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Photo illustration: Axios Visuals

Climate change is starting to become a political worry for some Republicans.

The big picture: For years, Republicans could ignore the issue or outright question mainstream climate science without political worry. That’s starting to change. Some congressional Republicans are beginning to find it in their political interest to at least acknowledge climate change and oppose efforts to weaken existing policies.

The subtle but significant shift is fueled by disparate factors, including a stronger economy and President Trump’s dismissive policies on climate.

“Moderate Republicans running this cycle are going to look for places to distance themselves in some places and appeal somehow to the middle, and [climate] is a fairly safe issue to do so.”
— Adrian Gray, Republican pollster

Unlike the backlash Republicans face for disagreeing with Trump on many issues, Gray says his polling shows that most Republican voters don’t penalize their lawmakers for acknowledging climate change is real and a problem, even though Trump openly mocks it.

This distinction comes despite the fact polling shows climate change remains a low priority for most voters, said Gray, who has done work for environmental groups.

Republican Rep. Carlos Curbelo embodies the moderate GOP mold considered key to Republicans keeping control of the House. He represents the tip of Florida, a swing district whose residents regularly experience rising sea levels, one of the clearest and most present impacts of climate change.

  • Climate change is a top priority for Curbelo, who has regularly criticized Trump on several issues.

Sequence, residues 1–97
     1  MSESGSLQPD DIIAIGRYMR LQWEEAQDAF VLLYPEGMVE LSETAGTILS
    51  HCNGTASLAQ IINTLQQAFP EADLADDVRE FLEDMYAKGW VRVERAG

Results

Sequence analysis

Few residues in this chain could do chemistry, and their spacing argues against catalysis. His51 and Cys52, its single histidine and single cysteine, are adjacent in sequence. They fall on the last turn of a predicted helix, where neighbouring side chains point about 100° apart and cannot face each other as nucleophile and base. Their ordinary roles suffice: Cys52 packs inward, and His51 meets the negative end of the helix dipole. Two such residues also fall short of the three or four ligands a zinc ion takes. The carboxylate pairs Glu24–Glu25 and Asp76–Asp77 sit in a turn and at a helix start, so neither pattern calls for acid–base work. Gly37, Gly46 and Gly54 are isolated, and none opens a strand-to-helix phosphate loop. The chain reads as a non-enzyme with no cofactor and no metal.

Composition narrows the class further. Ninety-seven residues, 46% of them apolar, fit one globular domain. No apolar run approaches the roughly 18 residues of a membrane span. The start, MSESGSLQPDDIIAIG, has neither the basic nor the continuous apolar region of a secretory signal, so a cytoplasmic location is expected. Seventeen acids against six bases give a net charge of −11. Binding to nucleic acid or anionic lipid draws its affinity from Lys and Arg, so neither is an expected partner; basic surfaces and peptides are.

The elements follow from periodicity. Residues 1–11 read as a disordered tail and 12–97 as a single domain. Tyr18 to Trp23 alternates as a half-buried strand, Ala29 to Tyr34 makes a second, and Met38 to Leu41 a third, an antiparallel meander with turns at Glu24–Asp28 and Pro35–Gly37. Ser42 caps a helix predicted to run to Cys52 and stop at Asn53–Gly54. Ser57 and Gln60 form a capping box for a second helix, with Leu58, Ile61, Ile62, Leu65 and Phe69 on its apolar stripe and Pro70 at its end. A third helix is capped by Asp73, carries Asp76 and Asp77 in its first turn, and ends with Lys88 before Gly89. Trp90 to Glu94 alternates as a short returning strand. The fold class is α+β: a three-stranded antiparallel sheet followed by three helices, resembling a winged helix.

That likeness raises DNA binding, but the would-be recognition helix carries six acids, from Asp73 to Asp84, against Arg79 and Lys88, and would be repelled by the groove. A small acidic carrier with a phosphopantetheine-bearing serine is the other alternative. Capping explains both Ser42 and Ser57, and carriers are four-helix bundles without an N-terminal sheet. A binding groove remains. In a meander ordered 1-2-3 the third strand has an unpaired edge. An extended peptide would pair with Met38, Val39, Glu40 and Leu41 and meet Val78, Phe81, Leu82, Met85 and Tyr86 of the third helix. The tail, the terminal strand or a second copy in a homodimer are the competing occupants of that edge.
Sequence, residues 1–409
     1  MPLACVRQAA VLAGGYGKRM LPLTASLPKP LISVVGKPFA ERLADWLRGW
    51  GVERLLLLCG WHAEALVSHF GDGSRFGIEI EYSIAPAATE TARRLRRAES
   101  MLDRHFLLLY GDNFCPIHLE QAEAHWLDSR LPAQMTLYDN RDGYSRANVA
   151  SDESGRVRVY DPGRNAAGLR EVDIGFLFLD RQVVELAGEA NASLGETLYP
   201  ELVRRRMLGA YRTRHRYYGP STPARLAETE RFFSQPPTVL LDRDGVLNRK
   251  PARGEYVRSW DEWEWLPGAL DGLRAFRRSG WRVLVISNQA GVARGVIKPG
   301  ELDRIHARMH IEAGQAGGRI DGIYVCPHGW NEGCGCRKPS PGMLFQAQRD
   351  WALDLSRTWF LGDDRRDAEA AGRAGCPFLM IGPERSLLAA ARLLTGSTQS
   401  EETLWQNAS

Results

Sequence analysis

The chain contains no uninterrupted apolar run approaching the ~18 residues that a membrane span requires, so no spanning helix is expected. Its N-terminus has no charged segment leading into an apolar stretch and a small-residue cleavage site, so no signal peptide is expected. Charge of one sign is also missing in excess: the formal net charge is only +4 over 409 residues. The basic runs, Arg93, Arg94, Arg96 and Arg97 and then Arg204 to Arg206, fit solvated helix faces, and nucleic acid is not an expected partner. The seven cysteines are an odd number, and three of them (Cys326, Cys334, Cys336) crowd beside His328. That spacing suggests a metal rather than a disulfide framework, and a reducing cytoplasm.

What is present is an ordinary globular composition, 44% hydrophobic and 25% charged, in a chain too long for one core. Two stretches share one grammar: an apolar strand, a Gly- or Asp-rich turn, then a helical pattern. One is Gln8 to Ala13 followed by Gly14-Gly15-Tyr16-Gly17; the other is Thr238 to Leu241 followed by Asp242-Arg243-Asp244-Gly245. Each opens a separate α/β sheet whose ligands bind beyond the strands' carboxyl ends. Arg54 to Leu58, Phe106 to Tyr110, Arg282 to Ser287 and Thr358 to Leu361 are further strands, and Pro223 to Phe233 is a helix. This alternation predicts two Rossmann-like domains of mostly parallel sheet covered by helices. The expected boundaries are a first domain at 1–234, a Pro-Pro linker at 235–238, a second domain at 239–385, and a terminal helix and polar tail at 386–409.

• He’s introducing legislation today that taxes carbon emissions, with at least one fellow Republican, Curbelo said.
  • He’s a co-founder of a bipartisan House caucus that acknowledges climate change.

The other side(s): Curbelo’s Democratic challenger, Debbie Mucarsel-Powell, is accusing the congressman of being ineffective and disingenuous with his work addressing climate change. Meanwhile, Americans for Tax Reform, a conservative group influential with Republicans, is holding an event today highlighting its opposition to what it’s calling the “giant job-crushing carbon tax” bill Curbelo is introducing.

Those cross-pressures highlight the political danger Curbelo faces in the midterm elections. His district is a top target for the Democratic Congressional Campaign Committee, and voters there overwhelmingly supported Hillary Clinton in the 2016 presidential contest.

The 38-year-old Curbelo, first elected to Congress in 2014, is unusually nonchalant about this criticism and the potential for it to ultimately boot him from Washington.

“I don’t worry about those kinds of things. I didn’t go to college to serve in Congress. I’m going to be as effective as possible while I’m here. The day I’m not here, I’ll be perfectly fine.”
— Curbelo

The bipartisan Climate Solutions Caucus Curbelo helped found two years ago with fellow Florida Rep. Ted Deutch, a Democrat, faces accusations from some environmentalists that it’s mostly an empty effort giving political cover to Republicans. Its record does show its limits:

  • The caucus hasn’t put forth any substantive policies.
  • Most GOP members of the caucus supported a non-binding but symbolically important resolution last week opposing a carbon tax.